Linear Coefficient of Thermal Expansion

7.8 x 10-6 in / in°F (200°F)
4 m / m°C (93°F)

Mechanical Properties

Typical Room Temperature Mechanical Properties, Mill Annealed

Yield Strength
0.2% Offset
Ultimate Tensile
in 2 in.
psi (min.) (MPa) psi (min.) (MPa) % (min.) Rockwell B
49,000 338 96,000 662 45 135-165

Alloy 825 has good mechanical properties from cryogenic to moderately high temperatures. Exposure to temperatures above 1000°F (540°C) can result in changes to the microstructure that will significantly lower ductility and impact strength. For that reason, Alloy 825 should not be utilized at temperatures where creep-rupture properties are design factors. The alloy can be strengthened substantially by cold work. Alloy 825 has good impact strength at room temperature, and retains it’s strength at cryogenic temperatures.

Table 6 - Charpy Keyhole Impact Strength of Plate

Temperature Orientation Impact Strength*
°F °C ft-lb J
Room Room Longitudinal 79.0 107
Room Room Transverse 83.0 113
-110 -43 Longitudinal 78.0 106
-110 -43 Transverse 78.5 106
-320 -196 Longitudinal 67.0 91
-320 -196 Transverse 71.5 97
-423 -253 Longitudinal 68.0 92
-423 -253 Transverse 68.0 92

Corrosion Resistance

The most outstanding attribute of Alloy 825 is its excellent corrosion resistance. In both oxidizing and reducing environments, the alloy resists general corrosion, pitting, crevice corrosion, intergranular corrosion and chloride stress-corrosion cracking.

Resistance to Laboratory Sulfuric Acid Solutions

Alloy Corrosion Rate in Boiling Laboratory Sulfuric Acid Solution Mils/Year (mm/a)
10% 40% 50%
316 636 (16.2) >1000 (>25) >1000 (>25)
825 20 (0.5) 11 (0.28) 20 (0.5)
625 20 (0.5) Not Tested 17 (0.4)

Stress-Corrosion Cracking Resistance

The high nickel content of Alloy 825 provides superb resistance to chloride stress-corrosion cracking. However, in the extremely severe boiling magnesium chloride test, the alloy will crack after long exposure in a percentage of samples. Alloy 825 performs much better in less severe laboratory tests. The following table summarizes the alloy's performance.

Resistance to Chloride Stress Corrosion Cracking

Alloy Tested as U-Bend Samples
Test Solution Alloy 316 SSC-6MO Alloy 825 Alloy 625
42% Magnesium Chloride (Boiling) Fail Mixed Mixed Resist
33% Lithium Chloride (Boiling) Fail Resist Resist Resist
26% Sodium Chloride (Boiling) Fail Resist Resist Resist

Mixed – A portion of the samples tested failed in the 2000 hours of test. This is an indication of a high level of resistance.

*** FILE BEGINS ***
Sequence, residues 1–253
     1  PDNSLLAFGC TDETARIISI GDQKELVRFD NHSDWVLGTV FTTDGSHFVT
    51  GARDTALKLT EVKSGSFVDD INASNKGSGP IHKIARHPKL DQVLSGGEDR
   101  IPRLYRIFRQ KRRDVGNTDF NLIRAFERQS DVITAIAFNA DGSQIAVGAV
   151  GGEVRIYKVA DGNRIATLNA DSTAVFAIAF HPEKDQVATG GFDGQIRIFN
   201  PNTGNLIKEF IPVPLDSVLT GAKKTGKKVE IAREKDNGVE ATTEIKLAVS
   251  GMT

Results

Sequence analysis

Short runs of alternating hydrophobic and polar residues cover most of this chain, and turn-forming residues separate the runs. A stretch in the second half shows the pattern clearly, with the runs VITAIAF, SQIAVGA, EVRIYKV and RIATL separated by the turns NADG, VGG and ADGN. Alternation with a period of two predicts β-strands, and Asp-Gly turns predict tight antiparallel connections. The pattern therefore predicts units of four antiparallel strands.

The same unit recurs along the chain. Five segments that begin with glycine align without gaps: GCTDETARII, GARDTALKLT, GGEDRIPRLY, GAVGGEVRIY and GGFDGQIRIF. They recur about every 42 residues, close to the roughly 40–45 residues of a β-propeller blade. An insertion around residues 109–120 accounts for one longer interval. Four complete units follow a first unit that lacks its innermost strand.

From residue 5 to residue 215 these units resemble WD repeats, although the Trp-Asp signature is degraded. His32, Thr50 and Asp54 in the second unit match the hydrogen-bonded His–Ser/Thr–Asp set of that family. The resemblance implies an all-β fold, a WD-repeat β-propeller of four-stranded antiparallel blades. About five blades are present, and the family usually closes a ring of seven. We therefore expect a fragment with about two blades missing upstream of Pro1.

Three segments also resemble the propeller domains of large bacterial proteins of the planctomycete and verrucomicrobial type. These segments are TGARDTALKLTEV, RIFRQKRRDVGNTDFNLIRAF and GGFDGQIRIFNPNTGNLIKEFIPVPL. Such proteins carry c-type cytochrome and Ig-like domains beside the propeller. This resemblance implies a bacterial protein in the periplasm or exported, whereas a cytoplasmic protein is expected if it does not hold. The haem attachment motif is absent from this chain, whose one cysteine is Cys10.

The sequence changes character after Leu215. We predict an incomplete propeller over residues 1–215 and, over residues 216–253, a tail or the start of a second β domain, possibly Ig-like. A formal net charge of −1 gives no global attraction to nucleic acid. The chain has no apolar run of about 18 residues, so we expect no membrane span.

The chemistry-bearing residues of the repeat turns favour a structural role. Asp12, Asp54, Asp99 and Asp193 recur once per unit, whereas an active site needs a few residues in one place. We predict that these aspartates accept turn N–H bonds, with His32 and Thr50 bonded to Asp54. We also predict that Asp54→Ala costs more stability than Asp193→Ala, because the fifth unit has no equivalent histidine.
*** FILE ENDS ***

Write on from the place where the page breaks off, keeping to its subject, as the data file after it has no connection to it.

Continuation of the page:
Pitting Resistance

The chromium and molybdenum content of Alloy 825 provides a high level of resistance to chloride pitting. For this reason the alloy can be utilized in high chloride environments such as seawater. It can be used primarily in applications where some pitting can be tolerated. It is superior to conventional stainless steels such as 316L, however, in seawater applications Alloy 825 does not provide the same levels of resistance as SSC-6MO (UNS N08367) or Alloy 625 (UNS N06625).

Crevice Corrosion Resistance

Resistance to Chloride Pitting and Crevice Corrosion

Alloy Temperature of Onset at Crevice
Corrosion Attack* °F (°C)
316 27 (-2.5)
825 32 (0.0)
6MO 113 (45.0)
625 113 (45.0)

*ASTM Procedure G-48, 10% Ferric Chloride

Intergranular Corrosion Resistance

Alloy Boiling 65% Nitric Acid ASTM
Procedure A 262 Practice C
Boiling 65% Nitric Acid ASTM
Procedure A 262 Practice B
316 34 (.85) 36 (.91)
316L 18 (.47) 26 (.66)
825 12 (.30) 1 (.03)
SSC-6MO 30 (.76) 19 (.48)
625 37 (.94) Not Tested

NOTE: The information and data in this product data sheet are accurate to the best of our knowledge and belief, but are intended for informational purposes only, and may be revised at any time without notice. Applications suggested for the materials are described only to help readers make their own evaluations and decisions, and are neither guarantees nor to be construed as express or implied warranties of suitability for these or other applications. Stainless Steel, Nickel Alloy and Titanium products are classified as sheet if the thickness of the metals is less than 3/16” (4.7mm). If the thickness of the metal is 3/16” (4.7mm) or more, then it is considered a plate.